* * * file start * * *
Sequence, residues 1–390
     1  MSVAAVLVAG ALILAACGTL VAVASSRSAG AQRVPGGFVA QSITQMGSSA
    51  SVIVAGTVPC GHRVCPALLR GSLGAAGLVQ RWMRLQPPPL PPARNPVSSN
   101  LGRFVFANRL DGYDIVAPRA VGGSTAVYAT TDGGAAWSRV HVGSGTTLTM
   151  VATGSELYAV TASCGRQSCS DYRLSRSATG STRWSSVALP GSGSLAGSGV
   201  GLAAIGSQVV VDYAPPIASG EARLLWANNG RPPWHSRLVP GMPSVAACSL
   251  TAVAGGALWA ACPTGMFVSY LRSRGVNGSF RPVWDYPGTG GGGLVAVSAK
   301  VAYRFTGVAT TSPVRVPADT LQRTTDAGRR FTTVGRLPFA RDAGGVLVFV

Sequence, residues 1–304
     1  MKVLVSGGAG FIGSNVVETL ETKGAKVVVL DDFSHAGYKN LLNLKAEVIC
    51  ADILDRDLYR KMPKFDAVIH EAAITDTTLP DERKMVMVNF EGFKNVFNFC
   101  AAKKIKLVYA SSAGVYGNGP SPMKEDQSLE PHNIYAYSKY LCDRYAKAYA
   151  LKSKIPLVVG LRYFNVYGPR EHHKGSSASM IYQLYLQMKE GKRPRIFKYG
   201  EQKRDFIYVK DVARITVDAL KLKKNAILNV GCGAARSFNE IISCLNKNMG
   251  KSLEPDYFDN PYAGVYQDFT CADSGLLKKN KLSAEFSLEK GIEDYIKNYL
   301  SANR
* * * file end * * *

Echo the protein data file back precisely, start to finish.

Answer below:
Sequence, residues 1–390
     1  MSVAAVLVAG ALILAACGTL VAVASSRSAG AQRVPGGFVA QSITQMGSSA
    51  SVIVAGTVPC GHRVCPALLR GSLGAAGLVQ RWMRLQPPPL PPARNPVSSN
   101  LGRFVFANRL DGYDIVAPRA VGGSTAVYAT TDGGAAWSRV HVGSGTTLTM
   151  VATGSELYAV TASCGRQSCS DYRLSRSATG STRWSSVALP GSGSLAGSGV
   201  GLAAIGSQVV VDYAPPIASG EARLLWANNG RPPWHSRLVP GMPSVAACSL
   251  TAVAGGALWA ACPTGMFVSY LRSRGVNGSF RPVWDYPGTG GGGLVAVSAK
   301  VAYRFTGVAT TSPVRVPADT LQRTTDAGRR FTTVGRLPFA RDAGGVLVFV

Sequence, residues 1–304
     1  MKVLVSGGAG FIGSNVVETL ETKGAKVVVL DDFSHAGYKN LLNLKAEVIC
    51  ADILDRDLYR KMPKFDAVIH EAAITDTTLP DERKMVMVNF EGFKNVFNFC
   101  AAKKIKLVYA SSAGVYGNGP SPMKEDQSLE PHNIYAYSKY LCDRYAKAYA
   151  LKSKIPLVVG LRYFNVYGPR EHHKGSSASM IYQLYLQMKE GKRPRIFKYG
   201  EQKRDFIYVK DVARITVDAL KLKKNAILNV GCGAARSFNE IISCLNKNMG
   251  KSLEPDYFDN PYAGVYQDFT CADSGLLKKN KLSAEFSLEK GIEDYIKNYL
   301  SANR